With few exceptions, the decision to create or protect a minority district was also a decision about whether it would elect a Republican or a Democrat. Talk about walking on eggshells — every conversation or argument about the maps teeters between politics and race.

This year’s elections will clear up the remaining questions. Mr. Doggett is the last Anglo Democrat in the Congressional delegation who wasn’t elected in a minority opportunity district. If he wins re-election, it will be in a Latino district. (Representative Gene Green, Democrat of Houston, also an Anglo, has represented a Latino district for years.)

The only genuine swing district on the Congressional map is District 23, where Representative Francisco Canseco, Republican of San Antonio, will face the winner of a Democratic primary that could include former United States Representative Ciro Rodriguez, whom Mr. Canseco beat in 2010. That’s a test of whether Republicans can hold a minority district.

United States Representative Blake Farenthold, Republican of Corpus Christi, got a district with a Republican voting history but where a majority of the voters are either black or Latino. That’s another political test tube.

Republicans can’t increase their already stout majorities without winning minority votes or getting rid of the law that protects minority voters. And Democrats have to figure out a way to win in districts drawn by the opposition.

Read more: Ross Ramsey, the executive editor at The Texas Tribune, writes a column for The Tribune article from the NYT

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IS ROMNEY FOR SB1070?

THE HISPANIC BLOG IS THE LATEST HISPANIC NEWS BY JESSICA MARIE GUTIERREZ

For Romney, ‘model’ policy on migration isn’t SB 1070

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State Rep. J. M. Lozano said Monday he will switch parties and become a Republican, making him the second South Texas lawmaker to abandon the Democratic Party in what has traditionally been a blue corner of the state.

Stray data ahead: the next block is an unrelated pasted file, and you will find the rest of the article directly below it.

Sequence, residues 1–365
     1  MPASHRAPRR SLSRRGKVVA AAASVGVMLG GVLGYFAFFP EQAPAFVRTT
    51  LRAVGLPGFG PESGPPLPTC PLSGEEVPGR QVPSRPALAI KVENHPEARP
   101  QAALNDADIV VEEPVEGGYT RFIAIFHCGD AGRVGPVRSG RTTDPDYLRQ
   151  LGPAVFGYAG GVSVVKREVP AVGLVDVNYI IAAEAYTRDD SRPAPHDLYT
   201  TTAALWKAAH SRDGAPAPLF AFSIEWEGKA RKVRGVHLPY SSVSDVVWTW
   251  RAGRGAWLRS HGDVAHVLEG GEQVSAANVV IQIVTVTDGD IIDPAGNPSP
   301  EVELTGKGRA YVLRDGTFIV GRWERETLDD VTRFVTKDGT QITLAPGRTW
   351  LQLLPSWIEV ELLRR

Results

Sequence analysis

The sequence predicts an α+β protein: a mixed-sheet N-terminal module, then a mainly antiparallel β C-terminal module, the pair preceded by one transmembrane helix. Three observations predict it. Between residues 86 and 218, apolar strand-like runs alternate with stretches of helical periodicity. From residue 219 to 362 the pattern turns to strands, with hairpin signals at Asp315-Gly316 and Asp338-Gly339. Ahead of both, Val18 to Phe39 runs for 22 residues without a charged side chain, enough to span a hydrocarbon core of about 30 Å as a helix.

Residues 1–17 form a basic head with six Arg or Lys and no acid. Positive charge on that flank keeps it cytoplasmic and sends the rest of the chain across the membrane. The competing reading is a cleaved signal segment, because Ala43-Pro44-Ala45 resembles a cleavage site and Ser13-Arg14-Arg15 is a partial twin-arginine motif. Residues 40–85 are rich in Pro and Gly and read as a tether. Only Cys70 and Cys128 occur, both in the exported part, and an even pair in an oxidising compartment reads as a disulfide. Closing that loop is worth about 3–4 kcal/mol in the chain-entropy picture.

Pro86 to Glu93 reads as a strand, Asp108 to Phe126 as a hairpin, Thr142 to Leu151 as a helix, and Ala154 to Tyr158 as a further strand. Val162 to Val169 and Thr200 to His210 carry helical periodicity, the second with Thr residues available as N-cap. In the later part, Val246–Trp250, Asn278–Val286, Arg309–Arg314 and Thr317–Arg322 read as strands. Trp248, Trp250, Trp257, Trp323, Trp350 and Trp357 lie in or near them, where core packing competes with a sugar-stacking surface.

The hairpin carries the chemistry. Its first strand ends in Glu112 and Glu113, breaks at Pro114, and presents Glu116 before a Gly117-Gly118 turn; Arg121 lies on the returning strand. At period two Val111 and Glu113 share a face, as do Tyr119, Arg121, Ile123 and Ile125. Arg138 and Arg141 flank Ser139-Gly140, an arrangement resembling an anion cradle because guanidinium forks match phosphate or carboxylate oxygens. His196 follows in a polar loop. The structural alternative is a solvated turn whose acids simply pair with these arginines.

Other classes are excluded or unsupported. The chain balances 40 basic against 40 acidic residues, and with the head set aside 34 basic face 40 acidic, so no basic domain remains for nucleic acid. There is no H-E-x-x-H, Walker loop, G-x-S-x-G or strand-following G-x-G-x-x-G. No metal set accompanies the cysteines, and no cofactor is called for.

In a phone interview, Lozano said he plans to formally announce his decision Thursday in Austin and in his home district, which includes Kingsville and stretches along the Gulf Cost to the Rio Grande Valley, near the border with Mexico.

The move further pads the GOP House supermajority, giving the Republicans 102 of 150 seats. But the Legislature is not set to meet again until next year, meaning his switch will matter only if Gov. Rick Perry calls a special session – something Perry says he has no plans to do.

Elected in 2010, Lozano filed for re-election as a Democrat on Nov. 30, just three days after the filing period opened. A second filing period has begun, however, after a legal battle over the Texas redistricting maps delayed the state’s primary until May 29.

Lozano’s district was altered significantly by maps drawn by the Republican-dominated Legislature, but those maps may change again based on the forthcoming decision of a federal court in Washington. The Texas Democratic Party says no other Democrat has filed to challenge Lozano.

Lozano said his decision had less to do with redistricting and more to do with his support of oil and natural gas exploration, his opposition to abortion and other conservative convictions popular with his constituents.

“My job now is to let the Hispanic community know that our values are welcome in the Republican Party,” he said.

Lozano becomes the third Democratic state representative to change parties in less than 18 months. In December 2010, Rep. Allan Ritter of Nederland, east of Houston, became a Republican, as did Rep. Aaron Pena, who represents the Rio Grande Valley community of Edinburg.

Pena has since announced he’s not planning to seek re-election this year, however, after he said the redrawn voting maps made it impossible for a Republican to win in his district.

South Texas has traditionally been a Democratic stronghold, but Lozano said the state party leadership ignored the issues most important to him. The owner of a trio of chicken wing franchises, Lozano was born in Mexico and became a U.S. citizen at 6.

He said he was persuaded to change parities after a conversation this week with George P. Bush, the founder of the Hispanic Republicans of Texas political action committee. He is also the son of former Florida Gov. Jeb Bush and nephew of former President George W. Bush.

“We talked about everything, our lives and how there’s this misconception out there that the Republican Party is not welcome to Hispanics,” Lozano said.

The Texas Democratic Party called Lozano’s decision “unprincipled and cowardly.”

“Just 15 months ago, Lozano was elected to office as a Democrat. The instant things got tough, Lozano jumped ship and joined a party that has betrayed his constituents,” Chairman Boyd Richie said in a statement. “He’s proven he has no core and stands for nothing but his quest to grab and hold power.”